how to calculate stability of semi-submersible vessel?

Discussion in 'Stability' started by manon, May 30, 2009.

  1. Guest625101138

    Guest625101138 Previous Member

    OK - in the submerged state it will be more stable and tolerant to higher angles of roll.

    If you can calculate BM = I/V you can determine the static stability.

    Lets take it step by step.

    Draw the waterplane of the submerged vessel and post it here. It will be simply the intersection of the columns.


    Rick W
     
  2. manon
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    manon Junior Member

    Im Sending You The Section At 12.5 M Draft. Please Let Me Know, For Any Further Details.

    Thank You
     

    Attached Files:

  3. Guest625101138

    Guest625101138 Previous Member

    OK - I agree.

    Now can you work out the second moment of inertia of this waterplane?

    Rick W
     
  4. manon
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    manon Junior Member

    I Have One Problem, That Arises Due To The Two Position Of The Pillar Position. When It Is One Hull, I Will Take Breadth From One Side To Another, Bt Now What? 1st I Find Some Length, Than Some Blank Space And Again Some Length. How To Add Or Combine?
     
  5. Guest625101138

    Guest625101138 Previous Member

    You simply subtract what is not there from what is. The calculation can be reduced to:
    I = 14/12 * (34^3 - 28^3 + 34^3 - 22^3)
    = 53676m^4

    Now what is the displacement when submerged to the 12.5m mark?

    Rick W
     
  6. manon
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    manon Junior Member

    According To Hydromax, Its 8262 Tonne At 12.5 M Draft
     
  7. manon
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    manon Junior Member

    So Bm Is 6.7388041636407649479544904381506???
     
  8. Guest625101138

    Guest625101138 Previous Member

    Yes- 6.7m

    Now you need to do the same calculation for different angles of roll. This will enable you to produce the cross curve.

    I would be surprised if your software would not be able to do this for the static case.

    Rick W
     
  9. Guest625101138

    Guest625101138 Previous Member

    As a matter of interest what is the height of the CoG in the flooded state. Is the vessel statically stable when on the flooded waterline?

    Rick W
     
  10. Guillermo
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    Guillermo Ingeniero Naval

    For intact stability criteria, refer to IMO's Code.

    http://books.google.es/books?id=SVS...=X&oi=book_result&ct=result&resnum=3#PPA40,M1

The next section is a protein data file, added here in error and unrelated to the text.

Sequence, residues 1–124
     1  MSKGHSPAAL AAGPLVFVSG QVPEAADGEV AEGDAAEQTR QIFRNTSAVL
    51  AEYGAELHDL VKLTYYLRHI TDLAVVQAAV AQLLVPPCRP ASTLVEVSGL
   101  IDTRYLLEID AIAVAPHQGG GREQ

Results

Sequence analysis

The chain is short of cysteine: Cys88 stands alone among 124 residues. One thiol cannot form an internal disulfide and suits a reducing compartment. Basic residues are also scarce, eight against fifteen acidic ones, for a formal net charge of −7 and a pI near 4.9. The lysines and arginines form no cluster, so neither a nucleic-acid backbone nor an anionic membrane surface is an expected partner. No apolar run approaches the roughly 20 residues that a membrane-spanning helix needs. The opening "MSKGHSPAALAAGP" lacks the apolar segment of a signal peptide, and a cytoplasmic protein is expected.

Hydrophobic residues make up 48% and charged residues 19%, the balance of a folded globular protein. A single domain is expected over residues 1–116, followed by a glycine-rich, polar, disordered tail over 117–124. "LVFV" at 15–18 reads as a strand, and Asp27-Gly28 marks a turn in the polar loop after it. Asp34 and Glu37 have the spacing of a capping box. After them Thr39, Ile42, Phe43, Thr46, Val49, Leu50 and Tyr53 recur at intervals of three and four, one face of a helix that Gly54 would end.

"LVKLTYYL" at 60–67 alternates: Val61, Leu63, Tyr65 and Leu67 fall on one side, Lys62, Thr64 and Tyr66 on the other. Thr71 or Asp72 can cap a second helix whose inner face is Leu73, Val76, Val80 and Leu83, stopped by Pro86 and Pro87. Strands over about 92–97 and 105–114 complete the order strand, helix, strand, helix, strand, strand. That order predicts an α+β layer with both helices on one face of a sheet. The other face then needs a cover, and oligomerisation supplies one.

Some pages there are missing. You should buy the booklet (cheap). You may do it directly from IMO (http://www.imo.org/) or then a distributor in your country or close to Bangladesh.

    India distributors:

    Bogerd Martin (India) Pvt. Ltd.
    1A-B-C,Goa Mansion, Ground floor, 58 Sunderlal Bahl Path Fort, Mumbai
    Telephone: +91 22 22 62 63 18, Fax: +91 22 22 62 14 88
    Email: sales@bogerdmartin.com

    C & C Marine Combine
    25 Bank Street , 1st Floor, Mumbai 400 001
    Telephone: +91 22 2266 0525 /1937, Fax: +91 22 2267 0896
    Email: ccmarine@vsnl.com
    Sterling Book House

    181 Dr. D.N. Road, Fort, Mumbai 400 001
    Telephone: +91 22 2261 2521, Fax: +91 22 2262 3551
    Email: sbh@vsnl.com
    Website: http://www.sterlingbookhouse.com

    For probailistic damage stability I'd recommend you to use a good stab software.

    Cheers.
     
  11. Ad Hoc
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    Ad Hoc Naval Architect

    To calculate your I, you calculate the inertia about the axis simply I=ah^2, then add the inertia of its own, bd^3/12. This give you 54135m^4.

    If your displacement is 8262, the volume is 8262/1.025 (in SW) = 8060.5

    So your BM is 54135/8060.5 = 6.72.

    However to calculate your intact stability you need to know the CoG. Assuming you are doing small angles of inclination, note, inclination and NOT roll. Roll is used in a different context not one related to calculating the intact stability.
     
  12. Ad Hoc
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    Ad Hoc Naval Architect

    Ignore information such as "...However the vessel design you have really requires dynamic analysis because it does not take much roll to cause it to be unstable..." This is totally incorrectly.

    You have a low water plane area to decouple the motion of your vessel from the waves. Your ROAs, if you have done them, will verify this for you. This is nothing new and is employed by SWATHs and many other types of marine vessels.
     
  13. Ad Hoc
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    Ad Hoc Naval Architect

    Rick

    "..I expect a sea condition with 3m waves would begin to cause a stability concern.."

    And where does this little gem come from???...and what kind of 3m wave?
     
  14. manon
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    manon Junior Member

    well, well, well. i am afraid, i cant go through all the specific calculations right now ( RAO.......)
    as we have found that the BM = 6.7, for better stability, what should be the Centre of gravity of this vessel for better stability?
     

  15. Ad Hoc
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    Ad Hoc Naval Architect

    manon

    That depends what roll and pitch period you want the vessel to have in the sea spectrum that the vessel is going to be in...I cannot answer that only your design SOR (statement of requirements) will do that. Once you ahve established the sea spectrum that the vessel will encounter, then you can design the vessels characteristics and fix the VCG, LCG, LCB, LCF. All these affect your motions
     
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